A few days later, and it was back to London for the second Popularising Palaeontology workshop, organised by Chris Manias and featuring a mix of talks from scientists, science historians and people in the museum world. My talk was on review volumes devoted to vertebrate palaeontology and on whether they’ve done a ‘fair’ job of covering the different vertebrate groups (spoiler: they totally haven’t). The talk is now online here (it’s about 20 minutes long). I will be publishing a full-length article about the talk – or, rather, its subject – here within the next few weeks [UPDATE: oops]. The talk is a sort of tie-in to The Big Book.
An article on Plica lizards (I sure do love the iguanians) appeared at Tet Zoo, Marilyn Munro (yup – honest) delivered the first seven volumes of Handbook to the Birds of the World to Tet Zoo Towers (only another ten volumes to go…), and Gabriel Ugueto and I worked together on a poster that still (as of late May 2018) hasn’t seen the light of day. I spent New Year (and the weeks around it) in the Tatras Mountains of far southern Poland. I went to places where there were bears, nutcrackers and assorted other neat animals… but didn’t see them (well, the bears would be hibernating, so that wasn’t a surprise).
And that basically takes us up to January, which is where we bring things to a close (seeing as the actual blog birthday is January 21st). Work on a new book kicked off that month, and – with Tim Haines – I did my bit training the next batch of chrononauts for Dinosaurs in the Wild. Have I mentioned Dinosaurs in the Wild? I think I have.
The megafaunal bias, 2017. So… standard annual procedure here is to then compile a list of the year’s articles, and to then see how things fared as goes taxonomic representation. The ultimate aim: to achieve fair balance of the different tetrapod groups. The reality: shameful bias towards charismatic megafauna. Let’s see how things turn out. Hold your breath…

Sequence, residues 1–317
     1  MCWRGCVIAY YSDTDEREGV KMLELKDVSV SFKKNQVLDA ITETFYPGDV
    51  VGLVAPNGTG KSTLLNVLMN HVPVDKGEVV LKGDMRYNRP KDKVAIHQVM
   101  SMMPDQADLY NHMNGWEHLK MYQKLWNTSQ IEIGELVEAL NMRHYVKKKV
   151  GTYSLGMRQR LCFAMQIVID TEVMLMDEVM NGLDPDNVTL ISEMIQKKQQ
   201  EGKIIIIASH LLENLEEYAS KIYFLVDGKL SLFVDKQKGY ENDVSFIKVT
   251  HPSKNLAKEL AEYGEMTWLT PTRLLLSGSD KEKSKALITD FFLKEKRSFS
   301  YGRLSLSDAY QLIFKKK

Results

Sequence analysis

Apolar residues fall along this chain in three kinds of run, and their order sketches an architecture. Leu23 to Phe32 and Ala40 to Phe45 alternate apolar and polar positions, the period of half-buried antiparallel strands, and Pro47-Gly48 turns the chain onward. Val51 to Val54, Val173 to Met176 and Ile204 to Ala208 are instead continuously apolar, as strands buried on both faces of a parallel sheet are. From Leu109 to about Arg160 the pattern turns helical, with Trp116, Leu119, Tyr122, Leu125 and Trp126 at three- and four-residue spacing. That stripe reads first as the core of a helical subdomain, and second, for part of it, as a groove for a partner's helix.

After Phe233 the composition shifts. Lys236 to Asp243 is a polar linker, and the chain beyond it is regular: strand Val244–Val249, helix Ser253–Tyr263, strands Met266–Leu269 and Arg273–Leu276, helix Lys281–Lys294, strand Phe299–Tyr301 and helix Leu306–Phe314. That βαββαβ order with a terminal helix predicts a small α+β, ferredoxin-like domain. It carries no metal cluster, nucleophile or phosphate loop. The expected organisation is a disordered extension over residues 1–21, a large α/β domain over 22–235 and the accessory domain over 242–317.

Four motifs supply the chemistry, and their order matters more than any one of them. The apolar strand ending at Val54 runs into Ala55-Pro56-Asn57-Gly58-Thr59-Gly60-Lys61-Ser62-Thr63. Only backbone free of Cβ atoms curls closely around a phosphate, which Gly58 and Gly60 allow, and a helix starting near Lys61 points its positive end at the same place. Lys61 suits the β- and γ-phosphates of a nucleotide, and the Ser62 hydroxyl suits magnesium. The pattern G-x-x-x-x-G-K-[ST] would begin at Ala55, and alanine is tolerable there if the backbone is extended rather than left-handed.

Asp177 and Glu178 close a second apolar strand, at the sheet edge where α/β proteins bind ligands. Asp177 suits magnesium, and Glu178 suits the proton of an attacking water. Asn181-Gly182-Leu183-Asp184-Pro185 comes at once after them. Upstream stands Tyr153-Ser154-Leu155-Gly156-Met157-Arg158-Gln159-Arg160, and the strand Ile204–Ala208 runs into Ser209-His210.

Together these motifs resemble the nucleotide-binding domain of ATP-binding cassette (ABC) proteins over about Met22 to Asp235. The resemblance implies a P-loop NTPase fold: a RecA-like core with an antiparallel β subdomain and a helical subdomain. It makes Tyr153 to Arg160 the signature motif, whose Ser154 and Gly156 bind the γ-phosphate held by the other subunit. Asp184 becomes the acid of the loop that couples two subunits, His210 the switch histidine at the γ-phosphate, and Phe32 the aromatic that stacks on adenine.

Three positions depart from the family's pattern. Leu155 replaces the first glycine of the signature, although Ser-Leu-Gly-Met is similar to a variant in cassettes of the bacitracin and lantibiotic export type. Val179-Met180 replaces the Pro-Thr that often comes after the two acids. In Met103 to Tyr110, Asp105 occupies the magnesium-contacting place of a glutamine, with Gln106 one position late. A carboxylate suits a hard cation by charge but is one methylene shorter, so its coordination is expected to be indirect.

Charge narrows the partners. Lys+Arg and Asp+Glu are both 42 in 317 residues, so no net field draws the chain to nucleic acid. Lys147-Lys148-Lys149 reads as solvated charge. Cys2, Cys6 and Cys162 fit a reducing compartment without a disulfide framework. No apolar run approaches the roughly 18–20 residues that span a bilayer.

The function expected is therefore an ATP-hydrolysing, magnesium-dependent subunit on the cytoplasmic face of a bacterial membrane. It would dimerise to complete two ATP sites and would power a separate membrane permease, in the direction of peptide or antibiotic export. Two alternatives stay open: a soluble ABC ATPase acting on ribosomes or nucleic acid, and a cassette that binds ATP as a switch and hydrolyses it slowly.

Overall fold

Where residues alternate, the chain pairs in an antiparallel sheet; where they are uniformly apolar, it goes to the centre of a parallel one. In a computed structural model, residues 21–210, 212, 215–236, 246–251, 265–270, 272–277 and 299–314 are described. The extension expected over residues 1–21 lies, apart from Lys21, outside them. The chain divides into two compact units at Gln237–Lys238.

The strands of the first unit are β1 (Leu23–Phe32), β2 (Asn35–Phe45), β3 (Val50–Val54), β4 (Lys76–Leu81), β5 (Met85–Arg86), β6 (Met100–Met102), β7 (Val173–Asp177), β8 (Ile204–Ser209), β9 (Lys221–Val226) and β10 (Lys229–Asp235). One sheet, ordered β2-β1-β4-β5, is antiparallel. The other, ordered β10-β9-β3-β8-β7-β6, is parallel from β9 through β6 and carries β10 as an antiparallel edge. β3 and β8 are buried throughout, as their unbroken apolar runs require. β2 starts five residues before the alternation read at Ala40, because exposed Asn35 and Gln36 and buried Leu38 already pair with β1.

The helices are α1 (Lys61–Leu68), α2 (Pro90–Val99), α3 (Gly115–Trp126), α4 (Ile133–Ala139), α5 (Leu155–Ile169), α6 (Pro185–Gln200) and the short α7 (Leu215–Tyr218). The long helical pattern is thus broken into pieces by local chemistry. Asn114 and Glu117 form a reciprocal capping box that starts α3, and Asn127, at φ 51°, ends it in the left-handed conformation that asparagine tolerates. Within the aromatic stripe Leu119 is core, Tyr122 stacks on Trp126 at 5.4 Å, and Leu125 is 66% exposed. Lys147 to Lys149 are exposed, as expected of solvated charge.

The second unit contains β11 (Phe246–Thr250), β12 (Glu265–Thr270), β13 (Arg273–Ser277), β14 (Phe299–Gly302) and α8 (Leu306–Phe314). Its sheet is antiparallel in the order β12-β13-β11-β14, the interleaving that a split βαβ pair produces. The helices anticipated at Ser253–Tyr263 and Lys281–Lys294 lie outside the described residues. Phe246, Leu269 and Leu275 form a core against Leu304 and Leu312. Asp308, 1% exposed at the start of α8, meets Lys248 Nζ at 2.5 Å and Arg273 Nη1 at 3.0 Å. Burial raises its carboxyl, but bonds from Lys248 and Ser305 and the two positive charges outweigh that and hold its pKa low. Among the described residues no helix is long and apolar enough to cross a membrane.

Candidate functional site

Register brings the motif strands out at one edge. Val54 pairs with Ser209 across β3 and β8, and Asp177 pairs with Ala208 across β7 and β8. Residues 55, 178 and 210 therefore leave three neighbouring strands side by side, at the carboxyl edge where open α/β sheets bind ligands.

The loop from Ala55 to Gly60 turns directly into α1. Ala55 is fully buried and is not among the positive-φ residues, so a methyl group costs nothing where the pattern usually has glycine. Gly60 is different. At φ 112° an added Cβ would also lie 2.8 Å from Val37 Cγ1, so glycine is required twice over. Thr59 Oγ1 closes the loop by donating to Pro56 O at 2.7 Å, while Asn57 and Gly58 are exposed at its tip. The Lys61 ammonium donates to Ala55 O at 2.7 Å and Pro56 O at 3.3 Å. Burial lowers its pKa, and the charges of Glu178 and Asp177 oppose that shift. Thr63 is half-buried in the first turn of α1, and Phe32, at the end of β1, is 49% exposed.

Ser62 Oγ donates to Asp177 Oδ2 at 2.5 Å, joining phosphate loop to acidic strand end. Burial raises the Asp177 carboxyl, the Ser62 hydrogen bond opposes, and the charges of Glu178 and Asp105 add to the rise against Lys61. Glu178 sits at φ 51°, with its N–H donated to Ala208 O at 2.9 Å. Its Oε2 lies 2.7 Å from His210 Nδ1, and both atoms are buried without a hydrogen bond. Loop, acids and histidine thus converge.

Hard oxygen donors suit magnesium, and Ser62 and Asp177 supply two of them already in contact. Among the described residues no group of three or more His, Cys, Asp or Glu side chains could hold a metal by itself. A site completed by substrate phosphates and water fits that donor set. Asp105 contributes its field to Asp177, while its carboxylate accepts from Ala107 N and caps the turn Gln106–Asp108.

Oh, I’ve used the same categories as per previous years but have combined ‘lissamphibians’ with ‘non-lissamphibian anamniotes’ given that keeping them separate now seems futile (cf Pardo et al. 2017).
Mesozoic marine reptiles
And, there we have it…. surprise surprise, mammals and non-bird dinosaurs are about in the lead, and the ‘obscure’ groups I always aim to cover more (like stem-mammals and croc-line archosaurs) received no coverage at all. Cryptozoological issues were covered a bit during 2017, in part because of things connected to Hunting Monsters. I’m surprised that SpecBio received no coverage across 2017, but there we have it. Also interesting is that miscellaneous musings did pretty well, but then I find it easier these days to write ‘general’ articles where the thoughts meander across various subjects.
One final point: while I always blame myself for producing the sort of megafaunal biases you see here, the fact remains that – given the constraints of time that are now such a concern – it really is easier and quicker to generate articles on megafauna where available images are plentiful and to hand. In contrast, articles on weird, obscure animals are hard to do because getting useable images is that much harder. Would I do better, and produce more content for Tet Zoo, including on those weird, obscure animals, if only I could? Yes, I would. And should I be leaving Sci Am given that I’m now acutely aware of what a poor fit I am? [UPDATE: ummm].
And this is where we end. For previous Tet Zoo birthday articles, see...
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Pardo, J. D., Small, B. J. & Huttenlocker, A. K. 2017. Stem caecilian from the Triassic of Colorado sheds light on the origins of Lissamphibia. Proceeding of the National Academic of Sciences, USA 114, E5389-E5395.